Life was simple when the dynamic, the spectral and the resolving powers of our instruments were small. One observed whole objects - planets, stars, sunspots, galaxies, often in rainbow colours. Then the revolution occurred: we acquired the centimetric eyes, the mil limetric eyes, the infrared eyes, the ultraviolet eyes, the X-ray eyes and the ,-ray eyes. With these we see mottles on the surface of stars, streams in sunspots, and spirals in nuclei of galaxies. We see regions of multiple mass densities and temperatures in a precari ous balance, losing it occasionally, exhaling flares. The universe is timed, cosmic phenomena are clocked; eternity is lost and variabil ity is bought. Microarcsecond resolutions revealed stirring and siz zling interiors underneath serene surfaces. Short durations and small scales demanded employing a discipline with similar attributes - the discipline of Plasmas and Fluids - known more for its complexity than for its felicity. Some would like to wish it away. We shall learn about plasmas for it is too little familiarity that breeds fear. Complexity can be systemized, to a large extent, by looking for a common denominator among apparently disparate phe nomena. It is not immediately obvious what the contents and the style of a graduate level course on plasmas and fluids aimed at understanding astrophysical phenomena should be. Plasmas and fluids are huge subjects by themselves. The cosmic phenomena where plasmas and fluids playa definite role are equally diverse and numerous.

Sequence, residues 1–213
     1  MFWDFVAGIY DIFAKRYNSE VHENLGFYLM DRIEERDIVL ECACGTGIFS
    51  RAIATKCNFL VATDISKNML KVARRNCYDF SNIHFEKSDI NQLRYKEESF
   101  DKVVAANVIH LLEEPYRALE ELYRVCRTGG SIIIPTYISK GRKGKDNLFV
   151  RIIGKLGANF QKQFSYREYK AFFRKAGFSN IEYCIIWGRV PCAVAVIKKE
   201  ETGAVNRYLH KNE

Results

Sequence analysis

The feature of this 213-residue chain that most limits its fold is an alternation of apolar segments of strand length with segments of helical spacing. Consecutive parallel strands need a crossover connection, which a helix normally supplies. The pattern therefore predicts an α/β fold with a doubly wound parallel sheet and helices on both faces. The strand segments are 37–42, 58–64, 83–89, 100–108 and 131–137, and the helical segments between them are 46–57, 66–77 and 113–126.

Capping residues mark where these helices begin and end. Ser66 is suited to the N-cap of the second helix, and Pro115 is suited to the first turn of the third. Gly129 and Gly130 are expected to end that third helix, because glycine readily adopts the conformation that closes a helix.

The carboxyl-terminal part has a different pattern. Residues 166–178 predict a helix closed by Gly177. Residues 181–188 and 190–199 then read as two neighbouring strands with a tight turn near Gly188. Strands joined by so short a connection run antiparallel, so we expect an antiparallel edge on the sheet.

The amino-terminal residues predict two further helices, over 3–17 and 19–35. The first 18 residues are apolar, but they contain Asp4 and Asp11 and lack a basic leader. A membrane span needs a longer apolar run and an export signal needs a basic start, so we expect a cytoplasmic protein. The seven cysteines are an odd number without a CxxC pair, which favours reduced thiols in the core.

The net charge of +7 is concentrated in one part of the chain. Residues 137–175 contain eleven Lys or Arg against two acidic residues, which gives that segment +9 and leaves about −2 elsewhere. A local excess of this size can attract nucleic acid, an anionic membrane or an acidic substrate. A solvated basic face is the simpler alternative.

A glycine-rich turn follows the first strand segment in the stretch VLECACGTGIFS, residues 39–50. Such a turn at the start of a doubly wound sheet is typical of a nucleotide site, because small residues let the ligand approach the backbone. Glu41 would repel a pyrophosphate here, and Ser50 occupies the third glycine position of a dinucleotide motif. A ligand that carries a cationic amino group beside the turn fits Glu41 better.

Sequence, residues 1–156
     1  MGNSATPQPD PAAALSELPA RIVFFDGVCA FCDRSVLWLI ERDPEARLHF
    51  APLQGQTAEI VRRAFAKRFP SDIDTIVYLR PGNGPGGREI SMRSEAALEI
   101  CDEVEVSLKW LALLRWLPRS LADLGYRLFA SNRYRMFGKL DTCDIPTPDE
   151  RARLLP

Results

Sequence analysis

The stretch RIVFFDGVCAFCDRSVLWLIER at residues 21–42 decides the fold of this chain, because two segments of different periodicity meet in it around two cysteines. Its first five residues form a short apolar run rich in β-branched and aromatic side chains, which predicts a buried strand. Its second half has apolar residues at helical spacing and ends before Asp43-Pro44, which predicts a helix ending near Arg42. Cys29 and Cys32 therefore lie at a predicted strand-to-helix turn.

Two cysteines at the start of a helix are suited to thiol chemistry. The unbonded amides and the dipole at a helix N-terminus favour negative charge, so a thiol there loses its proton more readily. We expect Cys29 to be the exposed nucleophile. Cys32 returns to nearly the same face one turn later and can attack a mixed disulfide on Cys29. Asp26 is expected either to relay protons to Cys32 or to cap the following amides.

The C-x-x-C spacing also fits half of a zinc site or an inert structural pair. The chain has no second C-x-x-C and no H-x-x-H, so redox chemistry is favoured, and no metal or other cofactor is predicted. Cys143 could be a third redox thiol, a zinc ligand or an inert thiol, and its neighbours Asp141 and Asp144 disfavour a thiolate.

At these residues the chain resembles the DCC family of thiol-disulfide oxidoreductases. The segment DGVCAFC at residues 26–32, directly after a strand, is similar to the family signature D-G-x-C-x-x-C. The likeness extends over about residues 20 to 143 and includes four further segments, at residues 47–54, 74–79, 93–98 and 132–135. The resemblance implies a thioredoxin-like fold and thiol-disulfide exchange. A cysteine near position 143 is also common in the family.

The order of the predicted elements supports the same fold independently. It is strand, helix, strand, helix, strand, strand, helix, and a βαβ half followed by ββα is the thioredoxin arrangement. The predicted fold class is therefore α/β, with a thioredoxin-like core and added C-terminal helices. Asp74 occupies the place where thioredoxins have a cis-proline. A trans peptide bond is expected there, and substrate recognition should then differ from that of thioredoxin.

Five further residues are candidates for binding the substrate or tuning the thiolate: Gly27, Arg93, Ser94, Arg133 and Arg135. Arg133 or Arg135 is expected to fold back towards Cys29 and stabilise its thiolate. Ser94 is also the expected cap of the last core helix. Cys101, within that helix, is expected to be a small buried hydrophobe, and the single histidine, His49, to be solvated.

1. Plasma - The Universal State of Matter. 2. Statistical Description of a Many-Body System. 3. Particle and Fluid Motions in Gravitational and Electromagnetic Fields. 4.Magnetohydrodynamics of Conducting Fluids. 5. Two-Fluid Descriptions of Plasma. 6. Kinetic Description of Plasmas. 7. Nonconducting Astrophysical Fluids. 8. Physical Constants. 9. Astrophysical Quantities. 10. Differential Operators. 11. Characteristic Numbers for Fluids. 12. Acknowledgment for Figures. Index.